Saying Goodbye to Annie

Photo of Annie's flyerJenn Pelly Notices about the death of Ms. Wasserman, also known as Annie, were posted this weekend along East Fourth Street.

Annie is gone.

Gloria Wasserman, who sold newspapers at the Fulton Fish Market for decades and became a fixture in the East Village known and beloved as “Annie,” died last Wednesday morning at her daughter’s home in Los Angeles, friends and neighbors said. She was 85.

Notices about Ms. Wasserman’s death were posted on East Fourth Street over the weekend by the Cooper Square Mutual Housing Association. It was on East Fourth Street, especially outside the Eastville Comedy Club, near Second Avenue, where Ms. Wasserman could usually be found holding court in recent years, uttering what became known as her catchphrase — “Leave ‘em laughing.”

Ms. Wasserman was best known for her work at the Fulton Fish Market where she spent 35 years selling newspapers and cigarettes and earning the nickname “South Street Annie.”

“To say that Annie was a colorful character would be quite an understatement,” Felton Davis, a volunteer at The Catholic Worker who knew Ms. Wasserman for 20 years, wrote in an email this afternoon.

Mr. Davis noted that Ms. Wasserman’s status as a neighborhood icon had received city wide notice in newspaper columns. When the fish market relocated to the Bronx in 2005, Mr. Davis said, Ms. Wasserman found it hard to adjust. In recent years, he said, she retreated to embrace of friends and neighbors around her apartment on East Fourth Street between the Bowery and Second Avenue.

And she could usually be found near the comedy club where she would sometimes launch into what friends and neighbors described as impromptu comedy routines.

“It was a daily riff she would do as you walked by,” said Paul Sado, a filmmaker who has lived on East Fourth Street for two years. “She would say ‘Hey baby!’ and I’d say ‘hey baby’ back. She had a completely manic, life-affirming laugh.”

Ms. Wasserman often spent time at the Catholic Worker’s Maryhouse on East Third Street, where she was a regular customer at the Saturday clothing room, and over the past year began regularly coming for dinner and sharing life stories.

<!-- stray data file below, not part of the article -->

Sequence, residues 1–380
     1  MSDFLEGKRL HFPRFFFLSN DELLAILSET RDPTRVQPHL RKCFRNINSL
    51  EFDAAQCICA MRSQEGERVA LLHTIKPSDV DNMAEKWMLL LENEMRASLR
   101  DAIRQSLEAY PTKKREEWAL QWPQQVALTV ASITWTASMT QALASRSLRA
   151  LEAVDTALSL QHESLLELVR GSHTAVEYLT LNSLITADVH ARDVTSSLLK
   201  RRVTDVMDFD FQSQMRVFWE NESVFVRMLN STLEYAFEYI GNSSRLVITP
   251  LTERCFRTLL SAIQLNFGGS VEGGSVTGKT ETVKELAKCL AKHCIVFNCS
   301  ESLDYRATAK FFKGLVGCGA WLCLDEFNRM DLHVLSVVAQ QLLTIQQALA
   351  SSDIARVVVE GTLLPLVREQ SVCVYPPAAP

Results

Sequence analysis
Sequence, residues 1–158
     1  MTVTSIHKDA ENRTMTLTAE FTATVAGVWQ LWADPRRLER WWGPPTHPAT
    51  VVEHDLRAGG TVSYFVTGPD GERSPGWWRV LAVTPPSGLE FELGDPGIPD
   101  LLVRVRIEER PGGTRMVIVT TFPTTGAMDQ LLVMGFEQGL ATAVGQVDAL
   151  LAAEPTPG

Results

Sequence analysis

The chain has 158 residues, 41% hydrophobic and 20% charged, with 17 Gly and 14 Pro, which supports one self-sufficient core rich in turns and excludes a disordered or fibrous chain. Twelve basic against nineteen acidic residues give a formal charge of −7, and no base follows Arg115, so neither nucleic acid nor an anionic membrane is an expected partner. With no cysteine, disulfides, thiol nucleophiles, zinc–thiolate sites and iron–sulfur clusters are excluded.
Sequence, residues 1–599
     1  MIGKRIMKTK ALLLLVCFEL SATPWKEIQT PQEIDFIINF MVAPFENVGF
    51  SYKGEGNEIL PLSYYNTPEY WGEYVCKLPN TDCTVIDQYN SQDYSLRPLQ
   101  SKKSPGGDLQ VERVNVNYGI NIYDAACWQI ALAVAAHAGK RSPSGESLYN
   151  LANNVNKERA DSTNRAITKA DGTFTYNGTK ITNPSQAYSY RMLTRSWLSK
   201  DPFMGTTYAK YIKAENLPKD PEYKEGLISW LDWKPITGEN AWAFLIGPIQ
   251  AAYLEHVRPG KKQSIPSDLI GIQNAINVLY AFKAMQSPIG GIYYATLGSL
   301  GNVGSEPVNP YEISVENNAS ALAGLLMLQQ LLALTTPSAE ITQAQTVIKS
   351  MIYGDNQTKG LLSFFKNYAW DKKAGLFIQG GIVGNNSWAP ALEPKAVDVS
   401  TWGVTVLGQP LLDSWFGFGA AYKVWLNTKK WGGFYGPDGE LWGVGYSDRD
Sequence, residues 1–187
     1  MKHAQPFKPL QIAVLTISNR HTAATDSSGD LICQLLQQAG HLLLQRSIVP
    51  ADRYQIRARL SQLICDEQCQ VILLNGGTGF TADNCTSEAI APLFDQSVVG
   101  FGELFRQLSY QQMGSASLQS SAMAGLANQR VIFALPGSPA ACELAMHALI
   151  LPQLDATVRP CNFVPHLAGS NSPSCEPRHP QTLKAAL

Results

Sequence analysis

Among the most famous was the tale of how she bicycled from New York to Fairbanks, Alaska in three months in the 1940s. And almost everyone knew Ms. Wasserman’s day-to-day schedule, which involved arriving at the Fulton Fish Market every morning at 4 a.m.

“She always seemed really enthusiastic and present,” Mr. Sado said. “She always seemed excited to be alive. When I would see her up ahead of me, I would look forward to sitting with her for a couple of minutes. Our conversation would always leave me feeling much more enthusiastic about life.”

And along the stretches of Third and Fourth Streets where Ms. Wasserman made her home, friends recalled her easy manner and often bawdy sense of humor.

“She was always saying, ‘If I was 30 years younger, you’d be all over me,” said Sean Ciane, who works at Sara’s, the vintage jewelry shop next door to Ms. Wasserman’s former apartment, and often helped her out the door of her apartment with her familiar red, wire-frame shopping cart. “We’ve lost one of the great characters of New York. An absolute neighborhood character.”

Mr. Davis described Ms. Wasserman as “fiercely independent”  — a trait that she maintained even as her health began to decline over the past year. Mr. Davis said that Ms. Wasserman suffered a stroke in August and was taken to Bellevue, where she stayed for one month before eventually ending up with her family in Los Angeles.

“She made many friends among the other patients and their families,” Mr. Davis said of Ms. Wasserman’s time at Bellevue. “I thought to myself, as I sat next to her one day, in addition to her fish market fan club, and her neighborhood fan club, she now had a Bellevue fan club.”

While Ms. Wasserman was in Bellevue, Mr. Davis got to know her daughter Barbara L. Fleck, of Los Angeles, and her daughter-in-law, Barbara G. Beaulieu, of Hudson, N.H.

“They were surprised to learn that no one in New York actually knew her by her real name,” Mr. Davis said.

Annie Leaves New YorkCourtesy Felton Davis Gloria Wasserman, 85, the East Village fixture who was known to many as Annie, with her daughter-in-law Barbara G. Beaulieu as she prepared to leave New York for Los Angeles earlier this month.